• The presence of the Daleks in this story was reported by the News of the World on November 12, 2006[6] and confirmed by the BBC in late December.[7][8] An interview with David Tennant in TV Times indicates there will also be 'Art Deco Daleks'.[9] However, they did not appear in either this episode or the second part, "Evolution of the Daleks".
  • The cover for the Radio Times for the week from 21–27 April consists of a photograph of the Dalek/human hybrid and names it as such: "Half-Dalek, half-human total monster? The Daleks are back!" It is played by Eric Loren who also plays Mr Diagoras, and this, too, is revealed within the magazine, which contains a how-they-made-it feature and also a small section on the half-man/half-pig Laszlo played by Ryan Carnes. The decision to reveal the hybrid on the cover caused controversy, with some fans considering it a major spoiler as the creature's appearance and nature as a mutated combination of Dalek Sec and Diagoras is the episode's big cliff-hanger reveal.[10]
  • This episode along with "Evolution of the Daleks", "The Lazarus Experiment", and "42" was released as a 'vanilla' DVD (i.e. with no special features).[11]
  • In the scene where the Doctor and Martha arrive in New York, the incidental music is "Rhapsody in Blue" by George Gershwin, as famously used in the Woody Allen film Manhattan.

Cultural references

  • As the Doctor and Martha Jones stand beneath the Statue of Liberty, Gershwin's Rhapsody in Blue can be heard playing in the background.
  • In Central Park, New York City, a Hooverville existed between 1931 and 1933 in the former Lower Reservoir of the city water supply system, which was being emptied and landscaped into the Great Lawn and Turtle Pond.
  • Tallulah is based on Jodie Foster's character, also named Tallulah, in Bugsy Malone. It may in turn be a reference to the actress Talullah Bankhead.[12]
  • The Island of Doctor Moreau, Frankenstein and The Phantom of the Opera were amongst the horror novels and films that served as inspiration for this story.[12]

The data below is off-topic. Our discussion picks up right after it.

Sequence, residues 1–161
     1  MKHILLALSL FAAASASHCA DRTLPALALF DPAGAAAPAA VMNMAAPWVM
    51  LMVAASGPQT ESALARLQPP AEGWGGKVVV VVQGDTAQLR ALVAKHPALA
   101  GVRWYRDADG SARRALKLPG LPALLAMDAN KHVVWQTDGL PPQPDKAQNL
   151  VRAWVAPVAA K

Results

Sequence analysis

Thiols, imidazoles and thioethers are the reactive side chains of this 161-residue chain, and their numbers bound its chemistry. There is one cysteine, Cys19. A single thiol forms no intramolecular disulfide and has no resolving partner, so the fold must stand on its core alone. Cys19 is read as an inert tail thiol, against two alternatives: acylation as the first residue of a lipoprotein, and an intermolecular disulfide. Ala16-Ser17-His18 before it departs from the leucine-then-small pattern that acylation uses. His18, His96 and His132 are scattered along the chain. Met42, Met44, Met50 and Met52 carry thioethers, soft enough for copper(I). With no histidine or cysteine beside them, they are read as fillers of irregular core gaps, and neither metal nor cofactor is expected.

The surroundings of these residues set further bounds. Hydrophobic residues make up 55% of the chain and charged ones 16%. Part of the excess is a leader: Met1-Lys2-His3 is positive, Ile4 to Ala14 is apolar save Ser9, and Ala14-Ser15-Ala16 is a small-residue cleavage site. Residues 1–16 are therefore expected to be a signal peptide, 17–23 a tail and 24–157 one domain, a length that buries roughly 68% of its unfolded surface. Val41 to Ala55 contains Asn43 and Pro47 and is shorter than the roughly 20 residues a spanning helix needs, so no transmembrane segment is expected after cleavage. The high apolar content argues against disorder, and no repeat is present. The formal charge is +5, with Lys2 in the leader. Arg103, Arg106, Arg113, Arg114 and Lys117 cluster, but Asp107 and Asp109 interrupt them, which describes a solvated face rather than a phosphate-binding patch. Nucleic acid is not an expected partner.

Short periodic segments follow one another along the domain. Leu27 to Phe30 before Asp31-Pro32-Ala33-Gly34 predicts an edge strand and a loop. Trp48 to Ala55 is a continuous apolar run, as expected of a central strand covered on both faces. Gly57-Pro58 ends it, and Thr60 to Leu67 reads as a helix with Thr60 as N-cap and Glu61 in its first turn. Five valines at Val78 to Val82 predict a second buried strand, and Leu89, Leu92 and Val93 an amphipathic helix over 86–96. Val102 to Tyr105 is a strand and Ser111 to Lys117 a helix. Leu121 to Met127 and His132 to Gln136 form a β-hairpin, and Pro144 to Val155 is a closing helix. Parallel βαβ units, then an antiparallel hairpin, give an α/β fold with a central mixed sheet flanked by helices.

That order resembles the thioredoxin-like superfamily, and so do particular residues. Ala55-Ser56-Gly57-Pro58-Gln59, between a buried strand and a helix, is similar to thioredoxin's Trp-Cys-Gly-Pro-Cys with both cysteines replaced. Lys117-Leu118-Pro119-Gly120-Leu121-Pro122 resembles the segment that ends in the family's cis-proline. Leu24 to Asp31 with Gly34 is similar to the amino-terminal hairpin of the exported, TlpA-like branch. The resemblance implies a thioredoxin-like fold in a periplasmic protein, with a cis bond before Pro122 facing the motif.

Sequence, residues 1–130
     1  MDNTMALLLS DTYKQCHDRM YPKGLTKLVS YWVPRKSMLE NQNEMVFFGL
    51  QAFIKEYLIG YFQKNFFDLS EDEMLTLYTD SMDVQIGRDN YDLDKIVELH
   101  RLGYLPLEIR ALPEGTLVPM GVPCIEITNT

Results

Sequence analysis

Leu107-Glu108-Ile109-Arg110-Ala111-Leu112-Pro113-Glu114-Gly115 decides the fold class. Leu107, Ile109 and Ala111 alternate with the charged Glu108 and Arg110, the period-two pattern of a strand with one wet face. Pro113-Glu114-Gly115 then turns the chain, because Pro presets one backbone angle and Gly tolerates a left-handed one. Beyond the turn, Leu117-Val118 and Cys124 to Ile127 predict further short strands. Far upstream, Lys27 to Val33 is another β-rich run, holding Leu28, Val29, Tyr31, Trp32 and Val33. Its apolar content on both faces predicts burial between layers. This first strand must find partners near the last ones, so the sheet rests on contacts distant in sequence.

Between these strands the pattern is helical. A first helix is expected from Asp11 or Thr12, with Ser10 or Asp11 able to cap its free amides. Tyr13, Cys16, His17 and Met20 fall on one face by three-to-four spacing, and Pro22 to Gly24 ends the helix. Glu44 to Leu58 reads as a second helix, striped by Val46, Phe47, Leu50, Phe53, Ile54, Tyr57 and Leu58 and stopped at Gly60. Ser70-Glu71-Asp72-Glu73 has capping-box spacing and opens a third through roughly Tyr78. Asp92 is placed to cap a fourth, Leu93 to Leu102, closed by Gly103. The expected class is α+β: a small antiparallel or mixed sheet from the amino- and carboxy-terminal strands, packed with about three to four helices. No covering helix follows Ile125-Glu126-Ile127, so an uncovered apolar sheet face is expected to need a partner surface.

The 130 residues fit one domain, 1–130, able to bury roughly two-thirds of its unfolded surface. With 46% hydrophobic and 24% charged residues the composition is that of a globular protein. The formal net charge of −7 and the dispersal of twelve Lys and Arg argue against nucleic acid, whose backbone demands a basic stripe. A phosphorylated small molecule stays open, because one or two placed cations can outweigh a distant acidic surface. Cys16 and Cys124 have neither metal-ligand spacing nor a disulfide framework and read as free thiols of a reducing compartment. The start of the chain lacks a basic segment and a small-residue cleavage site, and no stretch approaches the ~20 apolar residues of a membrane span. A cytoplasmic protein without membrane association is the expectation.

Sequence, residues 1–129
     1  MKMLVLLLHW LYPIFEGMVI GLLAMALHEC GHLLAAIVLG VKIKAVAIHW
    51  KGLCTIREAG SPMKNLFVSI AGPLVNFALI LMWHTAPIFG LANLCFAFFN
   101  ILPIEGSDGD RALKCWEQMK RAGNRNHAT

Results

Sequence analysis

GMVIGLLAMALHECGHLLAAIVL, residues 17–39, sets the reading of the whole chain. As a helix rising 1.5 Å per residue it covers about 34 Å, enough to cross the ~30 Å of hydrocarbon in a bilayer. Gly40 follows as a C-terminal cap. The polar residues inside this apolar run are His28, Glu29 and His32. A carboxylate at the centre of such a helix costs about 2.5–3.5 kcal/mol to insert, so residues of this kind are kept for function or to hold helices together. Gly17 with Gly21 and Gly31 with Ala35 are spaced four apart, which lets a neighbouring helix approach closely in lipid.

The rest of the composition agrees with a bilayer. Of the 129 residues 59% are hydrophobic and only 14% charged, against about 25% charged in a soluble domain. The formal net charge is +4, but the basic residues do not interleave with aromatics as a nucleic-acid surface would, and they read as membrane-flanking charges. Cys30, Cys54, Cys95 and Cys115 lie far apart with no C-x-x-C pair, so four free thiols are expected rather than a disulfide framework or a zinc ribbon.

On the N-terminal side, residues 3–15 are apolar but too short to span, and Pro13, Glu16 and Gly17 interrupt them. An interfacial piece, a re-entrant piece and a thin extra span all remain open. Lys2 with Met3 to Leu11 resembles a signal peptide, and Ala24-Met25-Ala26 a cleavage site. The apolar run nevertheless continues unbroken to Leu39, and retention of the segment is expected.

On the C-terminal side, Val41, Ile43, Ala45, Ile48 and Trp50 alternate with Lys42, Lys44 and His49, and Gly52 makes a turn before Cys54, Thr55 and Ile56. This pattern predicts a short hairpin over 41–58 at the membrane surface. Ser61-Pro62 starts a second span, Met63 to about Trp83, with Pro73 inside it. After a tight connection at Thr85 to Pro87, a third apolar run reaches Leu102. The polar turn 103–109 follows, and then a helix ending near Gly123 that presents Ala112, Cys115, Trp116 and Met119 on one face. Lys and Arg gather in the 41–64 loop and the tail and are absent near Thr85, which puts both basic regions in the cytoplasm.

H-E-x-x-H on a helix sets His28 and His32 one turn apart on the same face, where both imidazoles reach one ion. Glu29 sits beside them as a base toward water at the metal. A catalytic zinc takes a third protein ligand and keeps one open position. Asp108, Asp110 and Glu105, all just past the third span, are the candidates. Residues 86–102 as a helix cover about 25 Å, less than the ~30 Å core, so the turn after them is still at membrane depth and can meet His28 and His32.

• On arrival, the Doctor extemporises on the name, "New York, New York: Well, there's the genuine article. So good they named it twice. Mind you, it was New Amsterdam originally. Harder to say twice, no wonder it didn't catch on. New Amsterdam, New Amsterdam." This is a humorous reference to the city's location within New York State, as popularised in the song "New York, New York (So Good They Named It Twice)". New Amsterdam was the original name of the Dutch colony that became New York City.
  • The 2007 episode guide on the Doctor Who site has the caption for this episode as "Sec's in the City",[13] referencing the popular sitcom Sex and the City, also set in New York.


  1. ^ "Doctor Who UK airdate announced". News (Dreamwatch). February 27, 2007.  
  2. ^ "Daleks in Manhattan - Final Ratings". Outpost Gallifrey News Page. Source: BARB. 2007-05-02. Retrieved 2007-06-03.  
  3. ^ Doctor Who Annual 2006
  4. ^ Davies, Russell T (2007-12-03 cover date). "Production Notes: 12 Facts a-Facting!". Doctor Who Magazine (377): 66.  
  5. ^ Phil Collinson, James Strong. Daleks in Manhattan: 21 Apr 2007 BBC. (2007-04-21). Podcast accessed on 2007-04-23
  6. ^ Richardson, Rachel (November 12, 2006). "Dalek return". News of the World. p. 31.  
  7. ^ "Doctor battles Daleks in New York". BBC News (BBC). 2006-12-27. Retrieved 2006-12-27.  
  8. ^ "Script Doctors: Helen Raynor". Doctor Who Magazine #379 (Panini). 2007-02-28.  
  9. ^ Hollingworth, David (10–16 February, 2007 (cover date)). "Who's a busy boy!". TV Times (IPC Media) 201 (7): 4.  
  11. ^ Shaun Lyon (2007-05-17). "Series 3 Volume 2 DVD". Outpost Gallifrey. Retrieved 2007-05-20.  
  12. ^ a b "Fact File". Retrieved 2007-04-21.  
  13. ^ "BBC - Doctor Who - Episodes - 2007". Retrieved 2007-04-26.  

External links